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Setting up multiple form styles on one website

how to I set this up in css?

     
1:33 am on Nov 29, 2014 (gmt 0)

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I have 3 different sizes and styles of forms on one website, each with different features, however I'm not sure I have set this up correctly being as I have more than one class for some of the items.

I have one called "contact" another for "referrals" and another for "wholesale".

I'm using html5 and css3 and also have this set up for RWD in media queries so it's a lot of coding.

Is there any way to shorten the code?

Here is the one for referrals:


.referrals {width:375px; margin:0 auto; border:1px solid #999; padding:5px;}

.referrals label {
clear:both;
float: left;
height:30px;
text-align: right;
margin-right:5px;
width: 170px; }

.referrals input,
.referrals textarea {float:right; margin-right:30px; padding:5px;
color:999;}

.referrals .comments { clear:both; margin:0px auto; padding:5px; width:95%; }

.referrals input:hover,
.referrals textarea:hover,
.referrals input:focus,
.referrals textarea:focus {
border-color: 1px solid #C9C9C9;
box-shadow: rgba(0, 0, 0, 0.2) 0px 0px 8px;
-moz-box-shadow: rgba(0, 0, 0, 0.2) 0px 0px 8px;
-webkit-box-shadow: rgba(0, 0, 0, 0.2) 0px 0px 8px;}
.referrals .submit {display:block; margin:10px auto; }
5:41 am on Nov 29, 2014 (gmt 0)

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If you are looking for a shorter way to group selectors that share a class and variables you would only need to write the class once for any of those. An example is this one:
.referrals input, textarea {float:right; margin-right:30px; padding:5px; color:999;}


the links are a little more complicated but the idea is the same. They can be grouped as:
.referrals input:hover, input:focus, textarea:hover, textarea:focus
{border-color: 1px solid #C9C9C9;
box-shadow: rgba(0, 0, 0, 0.2) 0px 0px 8px;
-moz-box-shadow: rgba(0, 0, 0, 0.2) 0px 0px 8px;
-webkit-box-shadow: rgba(0, 0, 0, 0.2) 0px 0px 8px;}


Just a note - using pixels with RWD can be a problem because device pixels are not a measurement as they have been traditionally used. If possible convert your measurements to ems or percentages. It can be confusing, but ems are not a measurement either, more like a ratio.
8:46 am on Nov 29, 2014 (gmt 0)

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If you are looking for a shorter way to group selectors that share a class and variables you would only need to write the class once for any of those.

Documentation, please? It runs counter to everything I have ever been taught.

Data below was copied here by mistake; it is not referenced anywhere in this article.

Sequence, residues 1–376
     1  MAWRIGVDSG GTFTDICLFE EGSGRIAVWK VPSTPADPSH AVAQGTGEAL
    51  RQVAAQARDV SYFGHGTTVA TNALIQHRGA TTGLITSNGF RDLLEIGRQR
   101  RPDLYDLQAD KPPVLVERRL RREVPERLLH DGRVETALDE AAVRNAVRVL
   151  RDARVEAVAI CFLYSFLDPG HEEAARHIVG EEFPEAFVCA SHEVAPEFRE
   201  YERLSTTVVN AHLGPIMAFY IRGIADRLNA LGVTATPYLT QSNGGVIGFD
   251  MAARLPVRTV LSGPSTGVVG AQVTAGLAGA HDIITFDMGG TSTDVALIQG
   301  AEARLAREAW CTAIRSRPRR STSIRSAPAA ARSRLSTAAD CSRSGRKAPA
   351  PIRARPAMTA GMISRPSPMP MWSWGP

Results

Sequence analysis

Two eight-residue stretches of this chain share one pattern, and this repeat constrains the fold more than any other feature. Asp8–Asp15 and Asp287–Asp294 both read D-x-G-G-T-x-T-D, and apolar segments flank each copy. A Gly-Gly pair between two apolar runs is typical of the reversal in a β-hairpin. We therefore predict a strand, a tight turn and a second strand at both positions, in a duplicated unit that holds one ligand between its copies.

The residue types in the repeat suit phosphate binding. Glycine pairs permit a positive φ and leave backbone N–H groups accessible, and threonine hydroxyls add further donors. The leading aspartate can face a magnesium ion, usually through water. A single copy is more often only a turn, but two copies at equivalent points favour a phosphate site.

3:20 pm on Nov 29, 2014 (gmt 0)

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Sometimes I rely on my own observations and experiences rather than looking things up, my bad, but I have seen this in valid CSS in the past and that really is valid CSS3 according to W3's jigsaw: [jigsaw.w3.org...] (the Validator caught something simple and unrelated I had overlooked:
border-color
should be edited to simply "
border
".)
(CSS level 3)

Value Error : border-color 1px is not a border-color value : 1px solid #C9C9C9

Warnings (2)
URI : TextArea
4 Property -moz-box-shadow is an unknown vendor extension
5 Property -webkit-box-shadow is an unknown vendor extension

Valid CSS information
.referrals input:hover, input:focus, textarea:hover, textarea:focus {
box-shadow : 0 0 8px rgba(0, 0, 0, 0.2);
}


Trying to find the exact documentation takes more time than I had, the closest to it is at [w3.org...]
The pseudo-class concept is introduced to permit selection based on information that lies outside of the document tree or that cannot be expressed using the other simple selectors.

A pseudo-class always consists of a "colon" (:) followed by the name of the pseudo-class and optionally by a value between parentheses.

Pseudo-classes are allowed in all sequences of simple selectors contained in a selector. Pseudo-classes are allowed anywhere in sequences of simple selectors, after the leading type selector or universal selector (possibly omitted). Pseudo-class names are case-insensitive. Some pseudo-classes are mutually exclusive, while others can be applied simultaneously to the same element. Pseudo-classes may be dynamic, in the sense that an element may acquire or lose a pseudo-class while a user interacts with the document.
9:03 pm on Nov 29, 2014 (gmt 0)

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It's not about validation. The two forms
p.classname .otherclass, p.classname .secondclass, p.classname .thirdclass

vs.
p.classname otherclass, .secondclass, .thirdclass

are both perfectly valid CSS. But they lead to different results.

If your named "descendant" classes can only, ever, occur inside some "ancestor" class, then there's no need to name the ancestor at all. But I thought the OP was about items that can occur inside any of three different ancestors. In that case you need the double selector at every point.
1:49 am on Nov 30, 2014 (gmt 0)

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You're right, I was looking at this only from the point of a shortcut for the code, but with the same in three forms you can't take that kind of shortcut. Each must be specified.
11:23 pm on Nov 30, 2014 (gmt 0)

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Ok, if I "translated" the CSS-speak correctly, I need to specify each form type/ancestor separately.

It would be much easier to maintain but takes up more code.
11:53 pm on Nov 30, 2014 (gmt 0)

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Well, maybe CSS4 will allow parentheses ;)
5:59 pm on Dec 2, 2014 (gmt 0)

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Thanks for your input folks.